[Subterm of Mind-body medicine]
Hypnotherapy refers to the induction of a trance-like state to facilitate the relaxation of the conscious mind. It makes use of enhanced suggestibility to treat both psychological and medical conditions which often facilitate behavioral changes. The first therapeutic use of hypnosis has been attributed to Franz Anton Mesmer (1778). The term “mesmerism” evolved from his work. In the 1800’s, British surgeon James Esdaile utilized it as a sole anesthetic when performing major operations in India. James Braid, another British doctor, is credited for making hypnosis respectable in the medical community.
The goal of hypnosis is to gain self-control over behavior, emotions or psychological processes. The induction of the hypnotic trance relaxes the conscious mind thereby allowing easier access to the unconscious (which is non-critical and more receptive to suggestion). In hypnotherapy, patients understand that they are not “hypnotized”. Rather, they are under their own control and not that of the hypnotist. It is really self-hypnosis. Whether hypnosis represents a specific altered state of consciousness has been the subject of scientific debate. It has repeatedly been shown that analgesia and many other hypnotic phenomena can be achieved only by various means of suggestion. It may be that all types of relaxation are different levels of self-hypnosis. In reality, patients unconsciously prepare themselves well in advance to be susceptible to any form of suggestion.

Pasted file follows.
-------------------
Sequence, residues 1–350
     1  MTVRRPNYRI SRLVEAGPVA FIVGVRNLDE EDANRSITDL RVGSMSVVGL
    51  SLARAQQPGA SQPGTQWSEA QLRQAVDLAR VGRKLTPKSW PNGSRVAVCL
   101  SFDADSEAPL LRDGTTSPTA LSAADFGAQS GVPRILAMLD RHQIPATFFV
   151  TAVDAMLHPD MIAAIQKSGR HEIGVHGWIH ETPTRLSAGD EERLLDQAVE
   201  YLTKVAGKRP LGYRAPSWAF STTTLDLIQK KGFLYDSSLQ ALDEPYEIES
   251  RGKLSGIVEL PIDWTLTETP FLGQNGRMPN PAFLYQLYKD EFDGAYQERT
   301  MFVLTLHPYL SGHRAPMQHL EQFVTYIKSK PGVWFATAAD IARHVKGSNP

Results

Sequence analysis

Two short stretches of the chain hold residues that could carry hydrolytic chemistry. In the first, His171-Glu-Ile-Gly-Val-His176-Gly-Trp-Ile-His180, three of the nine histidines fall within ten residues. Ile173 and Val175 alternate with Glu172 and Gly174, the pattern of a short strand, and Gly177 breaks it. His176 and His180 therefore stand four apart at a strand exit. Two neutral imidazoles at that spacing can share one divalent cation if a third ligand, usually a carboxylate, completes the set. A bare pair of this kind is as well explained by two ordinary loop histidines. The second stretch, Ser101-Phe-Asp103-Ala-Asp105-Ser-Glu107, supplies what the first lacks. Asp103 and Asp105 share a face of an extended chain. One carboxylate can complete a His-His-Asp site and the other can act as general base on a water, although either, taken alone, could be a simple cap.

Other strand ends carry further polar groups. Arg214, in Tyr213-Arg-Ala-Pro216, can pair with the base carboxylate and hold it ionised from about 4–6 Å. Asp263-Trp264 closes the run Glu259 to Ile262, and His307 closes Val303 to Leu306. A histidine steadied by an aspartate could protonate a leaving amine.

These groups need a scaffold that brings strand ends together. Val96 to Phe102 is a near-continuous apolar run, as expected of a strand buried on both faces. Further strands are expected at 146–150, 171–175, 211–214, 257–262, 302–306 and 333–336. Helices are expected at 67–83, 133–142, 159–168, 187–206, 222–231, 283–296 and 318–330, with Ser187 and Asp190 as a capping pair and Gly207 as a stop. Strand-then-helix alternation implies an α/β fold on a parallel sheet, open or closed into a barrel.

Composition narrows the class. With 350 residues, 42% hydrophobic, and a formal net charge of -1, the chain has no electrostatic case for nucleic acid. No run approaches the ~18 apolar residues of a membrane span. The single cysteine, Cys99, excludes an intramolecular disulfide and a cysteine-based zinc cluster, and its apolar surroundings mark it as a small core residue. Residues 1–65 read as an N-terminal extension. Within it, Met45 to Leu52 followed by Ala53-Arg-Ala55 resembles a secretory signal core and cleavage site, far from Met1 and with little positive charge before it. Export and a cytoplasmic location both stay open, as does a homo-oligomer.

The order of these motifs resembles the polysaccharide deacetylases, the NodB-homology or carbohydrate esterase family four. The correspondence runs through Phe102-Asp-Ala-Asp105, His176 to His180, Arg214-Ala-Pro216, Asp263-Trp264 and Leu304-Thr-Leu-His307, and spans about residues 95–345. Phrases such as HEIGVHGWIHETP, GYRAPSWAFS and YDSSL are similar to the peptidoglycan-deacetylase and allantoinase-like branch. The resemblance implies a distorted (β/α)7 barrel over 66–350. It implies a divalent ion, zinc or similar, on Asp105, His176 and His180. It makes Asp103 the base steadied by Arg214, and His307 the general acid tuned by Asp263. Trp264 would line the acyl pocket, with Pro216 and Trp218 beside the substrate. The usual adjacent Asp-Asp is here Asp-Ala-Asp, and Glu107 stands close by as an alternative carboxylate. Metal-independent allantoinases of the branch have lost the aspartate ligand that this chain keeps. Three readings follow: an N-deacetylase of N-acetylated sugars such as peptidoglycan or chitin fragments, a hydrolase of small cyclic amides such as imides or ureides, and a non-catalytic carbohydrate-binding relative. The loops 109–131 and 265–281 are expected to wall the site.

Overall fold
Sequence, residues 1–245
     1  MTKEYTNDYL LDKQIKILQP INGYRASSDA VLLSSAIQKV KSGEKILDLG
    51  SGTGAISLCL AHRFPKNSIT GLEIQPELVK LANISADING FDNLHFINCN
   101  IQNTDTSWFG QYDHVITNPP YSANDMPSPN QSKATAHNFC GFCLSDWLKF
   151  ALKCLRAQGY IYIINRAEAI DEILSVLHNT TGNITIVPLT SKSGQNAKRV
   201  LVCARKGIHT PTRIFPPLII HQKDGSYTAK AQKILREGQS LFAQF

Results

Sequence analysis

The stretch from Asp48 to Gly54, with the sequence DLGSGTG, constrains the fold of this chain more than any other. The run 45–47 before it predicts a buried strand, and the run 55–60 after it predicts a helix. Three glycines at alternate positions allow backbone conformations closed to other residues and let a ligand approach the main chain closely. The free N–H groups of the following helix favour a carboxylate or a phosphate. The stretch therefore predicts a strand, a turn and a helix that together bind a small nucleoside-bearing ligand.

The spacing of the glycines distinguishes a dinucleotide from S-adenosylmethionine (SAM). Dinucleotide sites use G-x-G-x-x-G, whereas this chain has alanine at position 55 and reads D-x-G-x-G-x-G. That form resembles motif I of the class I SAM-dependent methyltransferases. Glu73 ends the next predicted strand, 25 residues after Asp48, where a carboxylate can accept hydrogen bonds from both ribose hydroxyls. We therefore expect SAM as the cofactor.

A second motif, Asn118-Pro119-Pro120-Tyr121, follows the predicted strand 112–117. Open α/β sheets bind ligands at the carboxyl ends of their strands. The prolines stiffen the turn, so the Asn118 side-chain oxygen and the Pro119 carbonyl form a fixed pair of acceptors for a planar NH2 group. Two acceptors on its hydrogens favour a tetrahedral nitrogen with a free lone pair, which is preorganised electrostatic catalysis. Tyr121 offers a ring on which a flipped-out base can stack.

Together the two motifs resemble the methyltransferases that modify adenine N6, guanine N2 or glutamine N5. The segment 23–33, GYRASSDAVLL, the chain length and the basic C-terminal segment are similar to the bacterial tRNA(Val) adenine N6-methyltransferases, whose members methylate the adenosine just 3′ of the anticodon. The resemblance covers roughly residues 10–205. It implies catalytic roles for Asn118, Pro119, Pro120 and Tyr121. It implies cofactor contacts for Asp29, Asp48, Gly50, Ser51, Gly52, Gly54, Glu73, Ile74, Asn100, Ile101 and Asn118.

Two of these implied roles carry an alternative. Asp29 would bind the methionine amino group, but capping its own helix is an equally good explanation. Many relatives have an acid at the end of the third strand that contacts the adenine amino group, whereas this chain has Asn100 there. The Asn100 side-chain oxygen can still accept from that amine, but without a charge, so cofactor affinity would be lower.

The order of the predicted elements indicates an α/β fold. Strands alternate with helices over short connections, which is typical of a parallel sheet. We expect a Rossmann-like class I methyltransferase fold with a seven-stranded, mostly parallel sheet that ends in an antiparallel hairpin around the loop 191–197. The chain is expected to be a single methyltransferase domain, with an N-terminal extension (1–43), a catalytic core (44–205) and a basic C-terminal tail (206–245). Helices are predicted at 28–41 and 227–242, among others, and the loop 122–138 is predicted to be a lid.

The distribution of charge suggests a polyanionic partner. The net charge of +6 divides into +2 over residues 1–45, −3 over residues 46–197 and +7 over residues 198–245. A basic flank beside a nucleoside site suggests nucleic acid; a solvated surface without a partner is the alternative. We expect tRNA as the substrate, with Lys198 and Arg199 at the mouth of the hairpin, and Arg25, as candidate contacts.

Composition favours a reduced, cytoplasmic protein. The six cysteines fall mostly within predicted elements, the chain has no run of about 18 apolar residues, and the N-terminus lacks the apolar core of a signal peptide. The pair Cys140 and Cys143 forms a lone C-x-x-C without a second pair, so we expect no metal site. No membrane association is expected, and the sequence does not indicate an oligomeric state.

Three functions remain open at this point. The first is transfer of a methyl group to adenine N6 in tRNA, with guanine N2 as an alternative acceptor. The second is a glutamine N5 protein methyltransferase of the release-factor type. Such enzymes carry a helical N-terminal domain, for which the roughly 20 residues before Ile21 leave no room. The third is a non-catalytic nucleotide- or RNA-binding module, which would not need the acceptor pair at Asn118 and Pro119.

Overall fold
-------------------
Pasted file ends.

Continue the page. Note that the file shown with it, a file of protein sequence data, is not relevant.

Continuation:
This includes people who go to be entertained and even volunteer as subjects at a hypnotic state performance.
Treatment sessions typically last between 30 and 90 minutes. The initial visit involves the gathering of history and discussion about hypnosis, suggestion and the client’s expectations of the therapy. The hypnotic state is achieved by first relaxing the body, then shifting attention away from the external environment towards a narrow range of objects or ideas suggested by either the patient or the therapist. A good rapport between the therapist and patient or client is vital. The course of treatment varies according to the individual. Typically, patients continue once a week for 6 - 12 sessions.